Aamir R. Mufti was born and raised in Karachi, Pakistan, and is currently Professor of Comparative Literature and Director of the Seminar in Global Critical Humanities at the University of California, Los Angeles. He studied literature at Columbia under the supervision of Edward Said and also trained in Anthropology at Columbia and the London School of Economics. He is the author of Enlightenment
in the Colony: The Jewish Question and the Crisis of Postcolonial Culture (Princeton, 2007) and Forget English: Orientalism and World
Literature (Harvard, 2016) and many articles. He is co-editor of Dangerous Liaisons: Gender, Nation and Postcolonial Perspectives (U. Minnesota Press).  

*By RSVP only*


Thursday, May 5 at 4:15 pm, Oakley Center


A conversation with Alice Goffman (Assistant Professor of Sociology, University of Wisconsin-Madison)

Forty years in, the War on Drugs has done almost nothing to prevent drugs from being sold or used, but it has nonetheless created a little-known surveillance state in America’s most disadvantaged neighborhoods. Arrest quotas and high-tech surveillance techniques criminalize entire blocks, and transform the very associations that should stabilize young lives—family, relationships, jobs—into liabilities, as the police use such relationships to track down suspects, demand information, and threaten consequences.

Alice Goffman spent six years living in one such neighborhood in Philadelphia, and her close observations and often harrowing stories reveal the pernicious effects of this pervasive policing. Goffman introduces us to an unforgettable cast of young African American men who are caught up in this web of warrants and surveillance—some of them small-time drug dealers, others just ordinary guys dealing with limited choices. All find the web of presumed criminality, built as it is on the very associations and friendships that make up a life, nearly impossible to escape. We watch as the pleasures of summer-evening stoop-sitting are shattered by the arrival of a carful of cops looking to serve a warrant; we watch—and can’t help but be shocked—as teenagers teach their younger siblings and cousins how to run from the police (and, crucially, to keep away from friends and family so they can stay hidden); and we see, over and over, the relentless toll that the presumption of criminality takes on families—and futures.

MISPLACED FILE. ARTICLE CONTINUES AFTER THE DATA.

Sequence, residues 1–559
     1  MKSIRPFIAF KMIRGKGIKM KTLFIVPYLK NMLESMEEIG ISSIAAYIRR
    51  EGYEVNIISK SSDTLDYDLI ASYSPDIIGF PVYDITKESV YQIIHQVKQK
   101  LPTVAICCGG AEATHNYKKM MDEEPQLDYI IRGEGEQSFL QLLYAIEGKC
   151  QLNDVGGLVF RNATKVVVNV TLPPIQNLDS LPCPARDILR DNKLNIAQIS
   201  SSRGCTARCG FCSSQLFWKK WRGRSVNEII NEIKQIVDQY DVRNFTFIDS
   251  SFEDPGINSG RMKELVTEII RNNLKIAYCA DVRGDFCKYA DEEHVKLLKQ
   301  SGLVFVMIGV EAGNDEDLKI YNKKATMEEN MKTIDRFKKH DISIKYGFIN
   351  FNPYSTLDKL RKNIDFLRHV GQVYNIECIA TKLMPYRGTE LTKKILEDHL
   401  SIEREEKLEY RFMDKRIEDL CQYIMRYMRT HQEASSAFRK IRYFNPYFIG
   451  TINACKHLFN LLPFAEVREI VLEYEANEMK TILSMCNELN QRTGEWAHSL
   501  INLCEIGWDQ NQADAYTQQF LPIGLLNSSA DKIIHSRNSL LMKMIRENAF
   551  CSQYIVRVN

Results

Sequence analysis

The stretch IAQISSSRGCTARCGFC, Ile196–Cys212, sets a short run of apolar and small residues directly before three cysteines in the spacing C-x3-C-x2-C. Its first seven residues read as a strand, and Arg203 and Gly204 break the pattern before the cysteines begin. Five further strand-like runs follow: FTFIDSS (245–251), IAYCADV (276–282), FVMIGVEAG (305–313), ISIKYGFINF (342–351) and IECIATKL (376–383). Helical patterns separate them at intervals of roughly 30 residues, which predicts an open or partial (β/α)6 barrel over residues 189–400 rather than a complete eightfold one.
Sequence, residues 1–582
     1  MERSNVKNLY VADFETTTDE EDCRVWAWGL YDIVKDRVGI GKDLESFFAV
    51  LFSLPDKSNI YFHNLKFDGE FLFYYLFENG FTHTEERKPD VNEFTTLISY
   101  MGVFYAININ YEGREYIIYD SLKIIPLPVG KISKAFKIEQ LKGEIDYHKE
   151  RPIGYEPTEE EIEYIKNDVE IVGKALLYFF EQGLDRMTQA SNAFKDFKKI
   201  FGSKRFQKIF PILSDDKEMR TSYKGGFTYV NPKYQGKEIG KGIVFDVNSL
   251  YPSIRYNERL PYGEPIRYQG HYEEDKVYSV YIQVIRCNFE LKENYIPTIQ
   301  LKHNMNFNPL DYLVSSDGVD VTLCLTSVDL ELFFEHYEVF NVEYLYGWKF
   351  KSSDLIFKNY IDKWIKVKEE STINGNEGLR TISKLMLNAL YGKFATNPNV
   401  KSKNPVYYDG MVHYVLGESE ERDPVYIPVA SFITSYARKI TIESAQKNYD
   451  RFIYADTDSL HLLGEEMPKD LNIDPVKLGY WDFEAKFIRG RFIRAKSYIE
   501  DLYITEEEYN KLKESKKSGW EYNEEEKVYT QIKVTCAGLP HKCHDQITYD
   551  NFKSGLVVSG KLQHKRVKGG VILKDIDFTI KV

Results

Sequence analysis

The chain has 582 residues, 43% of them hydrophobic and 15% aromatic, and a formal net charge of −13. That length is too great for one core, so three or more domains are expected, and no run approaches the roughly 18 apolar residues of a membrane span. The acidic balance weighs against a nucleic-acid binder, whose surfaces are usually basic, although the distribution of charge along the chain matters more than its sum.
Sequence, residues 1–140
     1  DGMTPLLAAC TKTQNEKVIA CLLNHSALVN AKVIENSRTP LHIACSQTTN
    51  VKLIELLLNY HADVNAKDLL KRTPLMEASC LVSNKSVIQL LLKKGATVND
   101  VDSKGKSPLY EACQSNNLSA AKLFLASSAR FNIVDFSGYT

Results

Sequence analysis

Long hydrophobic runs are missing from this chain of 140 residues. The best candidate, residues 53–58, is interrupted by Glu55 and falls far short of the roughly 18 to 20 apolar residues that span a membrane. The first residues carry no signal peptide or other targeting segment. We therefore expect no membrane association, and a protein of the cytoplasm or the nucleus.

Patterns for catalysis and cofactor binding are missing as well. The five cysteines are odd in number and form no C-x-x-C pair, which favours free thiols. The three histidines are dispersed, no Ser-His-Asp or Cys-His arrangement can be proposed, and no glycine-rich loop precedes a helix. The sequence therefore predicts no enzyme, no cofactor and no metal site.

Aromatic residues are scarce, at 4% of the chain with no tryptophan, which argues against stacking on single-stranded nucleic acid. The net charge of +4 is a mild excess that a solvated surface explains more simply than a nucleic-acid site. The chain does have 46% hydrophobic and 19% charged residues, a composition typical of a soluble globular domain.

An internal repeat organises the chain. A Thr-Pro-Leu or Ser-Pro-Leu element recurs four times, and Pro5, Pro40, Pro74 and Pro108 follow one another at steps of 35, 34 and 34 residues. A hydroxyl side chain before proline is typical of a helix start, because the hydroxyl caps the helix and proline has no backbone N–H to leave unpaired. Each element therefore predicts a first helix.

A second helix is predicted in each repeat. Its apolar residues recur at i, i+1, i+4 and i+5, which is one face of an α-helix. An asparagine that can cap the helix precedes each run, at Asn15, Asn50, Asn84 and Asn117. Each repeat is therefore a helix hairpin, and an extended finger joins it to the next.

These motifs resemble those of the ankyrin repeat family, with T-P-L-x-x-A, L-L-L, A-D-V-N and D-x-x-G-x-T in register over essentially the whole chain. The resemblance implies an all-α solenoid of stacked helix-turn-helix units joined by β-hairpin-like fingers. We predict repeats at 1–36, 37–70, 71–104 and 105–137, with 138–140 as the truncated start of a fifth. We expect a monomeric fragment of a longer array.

While not denying the problems of the drug trade, and the violence that often accompanies it, through her gripping accounts of daily life in the forgotten neighborhoods of America's cities, Goffman makes it impossible for us to ignore the very real human costs of our failed response—the blighting of entire neighborhoods, and the needless sacrifice of whole generations.

*By RSVP only*

Oakley Center News

Senior Oakley Center Fellow and Williams College President Emeritus John Chandler was recently featured in an article in Newsweek Magazine: "Inside the Colleges that Killed Frats for Good."

The Chronical of Higher Education featured an article on the work of Daniel Everett (Dean of Bentley College and professor of anthropology and linguistics) who delievered the annual Richmond Lecture on March 13, 2012.

Siddartha Mukherjee, (Columbia and CU/NYU Presbyterian Hospital), who gave the annual Andrew B. Weiss, MD, Lecture on Medicine and Medical Ethics in 2010, has been awarded a Pulitzer Prize for his book The Emperor of All Maladies: A Biography of Cancer.

Barbara J. King of the College of William and Mary blogs about a recent Oakley Center symposium, "After Humanism," here. Information about the symposium (September 23-24, 2010), as well as conference pictures, can be found here.

Former Clark-Oakley Humanities Fellow Jonathan Katz, now head of a new visual studies program at SUNY-Buffalo, speaks out about the controversy sparked by a high-profile exhibition that he curated at the National Portrait Gallery: "Hide/Seek: Difference and Desire in American Portraiture." The exhibition received a positive review in the Washington Post.

Link to Oakley Center past events, 2006-2013